Forgot Password
Pentax Camera Forums Home
 

Reply
Show Printable Version Search this Thread
07-13-2018, 06:09 PM - 4 Likes   #1
Pentaxian
Paul the Sunman's Avatar

Join Date: Aug 2011
Location: Melbourne
Photos: Gallery
Posts: 2,924
Wildlife photographer who lost it all

Wildlife photographer Steve Parish had it all. A multi-million dollar business, mansion, 125 staff. But then he lost it all. However, his passion for photography remains. And he uses it to tackle mental illness, his own and those of others.

Wildlife photographer Steve Parish went from mansion to shed, but has found a new focus - ABC News (Australian Broadcasting Corporation)

07-13-2018, 06:30 PM   #2
Pentaxian
PePe's Avatar

Join Date: Nov 2007
Location: Helsinki, Finland
Photos: Gallery | Albums
Posts: 562
Yes,it is a strange world! But I like his attitude.
07-13-2018, 07:01 PM   #3
Pentaxian
Billk's Avatar

Join Date: Jun 2012
Location: Melbourne, Victoria
Posts: 340
QuoteOriginally posted by Paul the Sunman Quote
Wildlife photographer Steve Parish had it all. A multi-million dollar business, mansion, 125 staff. But then he lost it all. However, his passion for photography remains. And he uses it to tackle mental illness, his own and those of others.

Wildlife photographer Steve Parish went from mansion to shed, but has found a new focus - ABC News (Australian Broadcasting Corporation)
I didn't know about that. Thanks for sharing.

I'm pretty sure his calendars still come out. I'm sure to get one now.
07-13-2018, 08:38 PM   #4
Pentaxian
ChipB's Avatar

Join Date: Nov 2007
Location: Austin, TX area
Photos: Gallery | Albums
Posts: 2,360
Wow. I'm glad he's been able to get his head "right". Quite a roller coaster ride for him.

07-13-2018, 09:56 PM - 1 Like   #5
Site Supporter
Site Supporter
bhbrake's Avatar

Join Date: Aug 2016
Location: Colorado
Photos: Albums
Posts: 307
Crazy stuff. He does make good points about not being one of billions of people getting lost on the web saying "look at me". It is all to easy to let people pleasing become a source of anxiety and nueroticism.
07-14-2018, 03:53 AM   #6
PJ1
Site Supporter
Site Supporter
PJ1's Avatar

Join Date: Jul 2012
Location: Mosquito Creek, Australia
Photos: Gallery | Albums
Posts: 4,448
I didn't know that. Very sad. But I am glad he has got himself back together.
07-14-2018, 05:43 AM   #7
Pentaxian




Join Date: Oct 2010
Photos: Gallery | Albums
Posts: 4,942
I can see why he has been what he has been. Spirit of that is at there. Interesting. Thanks for posting this
07-14-2018, 07:14 AM   #8
Loyal Site Supporter
Loyal Site Supporter
onlineflyer's Avatar

Join Date: Jul 2010
Location: Ohio
Photos: Gallery | Albums
Posts: 1,821
A sad but uplifting story. He found what is truly important in life and that is happiness.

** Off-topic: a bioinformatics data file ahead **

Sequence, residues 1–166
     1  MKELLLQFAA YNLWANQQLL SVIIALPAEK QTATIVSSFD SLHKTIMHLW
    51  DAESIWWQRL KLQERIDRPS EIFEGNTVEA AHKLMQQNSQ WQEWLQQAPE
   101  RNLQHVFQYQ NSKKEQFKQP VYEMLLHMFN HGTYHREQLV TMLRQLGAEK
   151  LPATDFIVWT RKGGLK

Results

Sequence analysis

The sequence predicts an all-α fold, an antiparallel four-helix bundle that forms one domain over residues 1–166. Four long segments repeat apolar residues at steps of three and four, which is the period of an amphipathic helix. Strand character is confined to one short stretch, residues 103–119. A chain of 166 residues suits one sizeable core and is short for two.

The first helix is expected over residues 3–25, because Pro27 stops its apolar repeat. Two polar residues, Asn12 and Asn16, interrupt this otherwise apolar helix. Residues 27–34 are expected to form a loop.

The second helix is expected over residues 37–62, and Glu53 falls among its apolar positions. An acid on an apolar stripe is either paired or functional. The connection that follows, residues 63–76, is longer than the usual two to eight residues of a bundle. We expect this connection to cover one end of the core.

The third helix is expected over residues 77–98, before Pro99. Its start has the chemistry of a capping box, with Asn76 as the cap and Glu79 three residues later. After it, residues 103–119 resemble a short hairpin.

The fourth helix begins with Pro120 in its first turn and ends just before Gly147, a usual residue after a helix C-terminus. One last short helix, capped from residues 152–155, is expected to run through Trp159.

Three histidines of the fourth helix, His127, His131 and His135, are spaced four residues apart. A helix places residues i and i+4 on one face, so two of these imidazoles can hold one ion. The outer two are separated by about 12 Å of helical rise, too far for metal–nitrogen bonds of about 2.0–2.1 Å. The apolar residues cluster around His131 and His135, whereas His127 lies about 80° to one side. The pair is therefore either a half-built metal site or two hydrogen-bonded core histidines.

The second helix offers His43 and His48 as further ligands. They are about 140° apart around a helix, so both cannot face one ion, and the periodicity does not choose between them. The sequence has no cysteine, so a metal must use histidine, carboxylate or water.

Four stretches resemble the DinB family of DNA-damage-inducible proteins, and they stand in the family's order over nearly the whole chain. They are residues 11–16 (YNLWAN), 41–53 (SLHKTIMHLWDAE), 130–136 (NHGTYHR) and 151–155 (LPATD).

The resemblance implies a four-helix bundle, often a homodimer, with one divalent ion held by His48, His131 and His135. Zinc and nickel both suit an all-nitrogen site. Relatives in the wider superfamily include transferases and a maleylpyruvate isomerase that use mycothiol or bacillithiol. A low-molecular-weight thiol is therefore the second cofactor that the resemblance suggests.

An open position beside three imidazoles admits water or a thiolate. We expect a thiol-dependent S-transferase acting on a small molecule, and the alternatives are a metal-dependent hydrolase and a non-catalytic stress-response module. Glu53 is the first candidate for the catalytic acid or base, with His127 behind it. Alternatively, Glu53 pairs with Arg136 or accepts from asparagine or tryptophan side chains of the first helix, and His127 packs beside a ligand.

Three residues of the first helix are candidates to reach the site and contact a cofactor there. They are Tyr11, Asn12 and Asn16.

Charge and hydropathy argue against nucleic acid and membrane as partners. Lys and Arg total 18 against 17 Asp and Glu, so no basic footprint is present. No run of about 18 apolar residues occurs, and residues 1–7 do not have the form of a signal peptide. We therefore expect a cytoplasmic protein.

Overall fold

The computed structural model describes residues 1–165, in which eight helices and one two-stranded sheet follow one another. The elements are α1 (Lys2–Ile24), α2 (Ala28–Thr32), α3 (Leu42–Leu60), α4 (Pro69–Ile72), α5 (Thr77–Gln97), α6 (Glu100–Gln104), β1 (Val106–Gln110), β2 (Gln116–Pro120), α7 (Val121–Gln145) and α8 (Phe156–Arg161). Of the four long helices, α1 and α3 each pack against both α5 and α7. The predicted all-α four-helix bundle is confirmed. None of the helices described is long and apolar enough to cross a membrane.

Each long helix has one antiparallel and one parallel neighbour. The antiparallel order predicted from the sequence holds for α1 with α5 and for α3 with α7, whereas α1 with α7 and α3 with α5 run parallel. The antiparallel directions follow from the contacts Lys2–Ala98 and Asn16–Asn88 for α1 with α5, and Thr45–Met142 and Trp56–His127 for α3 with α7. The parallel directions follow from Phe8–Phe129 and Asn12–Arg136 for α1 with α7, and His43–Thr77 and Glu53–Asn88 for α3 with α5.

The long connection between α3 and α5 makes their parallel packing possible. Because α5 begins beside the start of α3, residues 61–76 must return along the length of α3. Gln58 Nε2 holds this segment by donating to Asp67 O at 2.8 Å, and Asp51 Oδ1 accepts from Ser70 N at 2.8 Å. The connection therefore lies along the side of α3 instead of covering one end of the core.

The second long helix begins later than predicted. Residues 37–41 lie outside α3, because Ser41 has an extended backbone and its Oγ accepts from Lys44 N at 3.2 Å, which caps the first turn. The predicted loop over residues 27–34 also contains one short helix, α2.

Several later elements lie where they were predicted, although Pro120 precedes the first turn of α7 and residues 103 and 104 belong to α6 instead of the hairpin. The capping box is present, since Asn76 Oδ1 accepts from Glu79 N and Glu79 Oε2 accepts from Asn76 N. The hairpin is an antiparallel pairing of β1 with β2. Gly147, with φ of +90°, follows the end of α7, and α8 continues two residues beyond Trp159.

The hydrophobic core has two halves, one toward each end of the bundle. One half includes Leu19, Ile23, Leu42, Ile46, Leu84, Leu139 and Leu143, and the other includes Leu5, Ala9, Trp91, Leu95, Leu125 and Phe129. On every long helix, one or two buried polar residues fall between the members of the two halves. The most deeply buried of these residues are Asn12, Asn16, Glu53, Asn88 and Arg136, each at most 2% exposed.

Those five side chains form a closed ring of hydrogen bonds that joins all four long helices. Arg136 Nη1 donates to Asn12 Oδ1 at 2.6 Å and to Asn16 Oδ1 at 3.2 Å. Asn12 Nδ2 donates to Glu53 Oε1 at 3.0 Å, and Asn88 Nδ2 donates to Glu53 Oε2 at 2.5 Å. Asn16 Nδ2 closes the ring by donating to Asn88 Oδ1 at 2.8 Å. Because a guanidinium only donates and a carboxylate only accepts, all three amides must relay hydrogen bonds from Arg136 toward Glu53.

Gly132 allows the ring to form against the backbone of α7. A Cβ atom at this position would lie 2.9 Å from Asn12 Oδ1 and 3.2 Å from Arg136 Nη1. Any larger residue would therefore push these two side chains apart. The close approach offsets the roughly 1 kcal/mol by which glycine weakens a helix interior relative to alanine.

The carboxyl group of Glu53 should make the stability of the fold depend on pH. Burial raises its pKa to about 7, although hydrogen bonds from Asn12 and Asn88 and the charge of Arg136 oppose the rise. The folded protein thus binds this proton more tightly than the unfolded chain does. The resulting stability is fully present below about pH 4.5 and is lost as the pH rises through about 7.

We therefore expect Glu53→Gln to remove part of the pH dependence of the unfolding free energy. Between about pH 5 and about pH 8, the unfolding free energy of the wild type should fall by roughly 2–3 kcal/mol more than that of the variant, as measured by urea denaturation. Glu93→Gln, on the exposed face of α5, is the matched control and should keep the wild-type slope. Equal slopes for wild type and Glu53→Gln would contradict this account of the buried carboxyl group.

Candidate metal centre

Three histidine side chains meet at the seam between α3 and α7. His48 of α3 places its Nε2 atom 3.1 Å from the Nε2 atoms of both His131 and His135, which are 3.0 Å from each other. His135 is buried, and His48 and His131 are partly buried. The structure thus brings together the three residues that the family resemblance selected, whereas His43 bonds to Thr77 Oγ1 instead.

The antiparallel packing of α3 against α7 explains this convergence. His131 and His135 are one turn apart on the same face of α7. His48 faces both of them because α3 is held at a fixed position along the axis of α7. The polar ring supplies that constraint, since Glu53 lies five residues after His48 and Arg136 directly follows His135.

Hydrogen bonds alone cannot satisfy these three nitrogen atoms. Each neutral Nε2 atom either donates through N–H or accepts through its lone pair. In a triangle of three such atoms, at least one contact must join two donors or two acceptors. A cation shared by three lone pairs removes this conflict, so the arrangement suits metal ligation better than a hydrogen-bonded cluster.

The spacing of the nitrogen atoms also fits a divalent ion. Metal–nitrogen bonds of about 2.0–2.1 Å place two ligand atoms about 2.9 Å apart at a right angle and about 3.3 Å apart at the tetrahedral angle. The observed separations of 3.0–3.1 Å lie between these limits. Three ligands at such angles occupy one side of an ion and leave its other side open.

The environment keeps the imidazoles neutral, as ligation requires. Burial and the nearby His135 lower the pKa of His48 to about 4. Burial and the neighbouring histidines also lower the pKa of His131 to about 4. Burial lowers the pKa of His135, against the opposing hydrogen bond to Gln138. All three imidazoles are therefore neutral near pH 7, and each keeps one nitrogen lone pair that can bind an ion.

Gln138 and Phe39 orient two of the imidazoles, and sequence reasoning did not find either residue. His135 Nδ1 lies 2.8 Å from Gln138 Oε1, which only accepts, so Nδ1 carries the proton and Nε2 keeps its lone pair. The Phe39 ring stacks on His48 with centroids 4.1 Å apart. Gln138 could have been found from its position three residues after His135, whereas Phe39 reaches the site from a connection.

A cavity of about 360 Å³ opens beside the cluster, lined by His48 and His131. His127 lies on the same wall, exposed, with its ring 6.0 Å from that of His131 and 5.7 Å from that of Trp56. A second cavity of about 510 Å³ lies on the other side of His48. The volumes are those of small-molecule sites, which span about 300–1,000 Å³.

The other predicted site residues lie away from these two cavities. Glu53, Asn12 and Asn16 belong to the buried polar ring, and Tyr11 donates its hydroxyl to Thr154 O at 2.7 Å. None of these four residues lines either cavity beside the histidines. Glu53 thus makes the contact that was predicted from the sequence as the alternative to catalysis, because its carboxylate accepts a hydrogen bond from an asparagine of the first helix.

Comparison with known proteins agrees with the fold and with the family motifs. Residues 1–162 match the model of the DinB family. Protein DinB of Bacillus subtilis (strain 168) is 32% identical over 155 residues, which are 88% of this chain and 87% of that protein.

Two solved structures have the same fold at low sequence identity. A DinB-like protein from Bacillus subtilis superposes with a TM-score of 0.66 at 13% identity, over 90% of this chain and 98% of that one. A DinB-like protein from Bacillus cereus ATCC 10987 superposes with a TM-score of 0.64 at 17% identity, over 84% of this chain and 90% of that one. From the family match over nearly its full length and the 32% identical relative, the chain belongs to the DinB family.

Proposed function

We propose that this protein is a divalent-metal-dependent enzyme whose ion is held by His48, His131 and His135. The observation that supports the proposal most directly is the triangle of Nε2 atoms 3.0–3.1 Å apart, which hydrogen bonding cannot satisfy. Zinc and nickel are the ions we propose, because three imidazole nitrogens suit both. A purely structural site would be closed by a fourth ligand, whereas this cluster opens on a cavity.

07-14-2018, 07:25 AM   #9
Pentaxian
normhead's Avatar

Join Date: Jun 2007
Location: Near Algonquin Park
Photos: Gallery | Albums
Posts: 36,632
"I am not into recording what I see, I want to create art."

He made millions with his photography and this is how he did it. I wonder if there is a soul out there who made millions selling archival photo that while technically good had no artistic merit.
07-14-2018, 01:24 PM   #10
Veteran Member




Join Date: Dec 2010
Location: Ontario
Photos: Gallery
Posts: 3,332
QuoteOriginally posted by normhead Quote
"I am not into recording what I see, I want to create art."

He made millions with his photography and this is how he did it.
The article made it sound like his business was built on traditional landscape and wildlife photography and that creating art (and the digital processing he's using) is a recent dramatic shift in his approach, and was not his massive money making technique.

Not that this should stop anyone from pursuing their creative vision...

---------- Post added 07-14-18 at 04:26 PM ----------

QuoteOriginally posted by Paul the Sunman Quote
Wildlife photographer Steve Parish had it all. A multi-million dollar business, mansion, 125 staff. But then he lost it all. However, his passion for photography remains. And he uses it to tackle mental illness, his own and those of others.

Wildlife photographer Steve Parish went from mansion to shed, but has found a new focus - ABC News (Australian Broadcasting Corporation)
Interesting article, thanks for posting! Seems like quite a turnaround in his life and re-calibration of his approach.
07-14-2018, 01:37 PM   #11
Site Supporter
Site Supporter
ffking's Avatar

Join Date: Nov 2015
Location: Llanelli, Wales
Posts: 5,127
Can't say I'm a fan of the pictures he's making, judging by the samples in the article, but good luck to him.
07-14-2018, 04:30 PM   #12
Loyal Site Supporter
Loyal Site Supporter




Join Date: Mar 2012
Location: Rochester, NY
Photos: Gallery
Posts: 4,488
QuoteOriginally posted by normhead Quote
"I am not into recording what I see, I want to create art."

He made millions with his photography and this is how he did it. I wonder if there is a soul out there who made millions selling archival photo that while technically good had no artistic merit.
Professional photographers do it every day for their clients. National Geographic did not pick the most artistic or stunning photographs for their articles. They picked the ones that helped tell the story.


Whether they admit it or not. Artists today who sculpt and paint owe a lot to photography. It freed them to explore whole new areas of expression. In my opinion the whole modern art movement owes it's very existence to photography. Interesting how photographers are now trying to imitate what the artists are doing.
07-15-2018, 06:29 AM   #13
Pentaxian
normhead's Avatar

Join Date: Jun 2007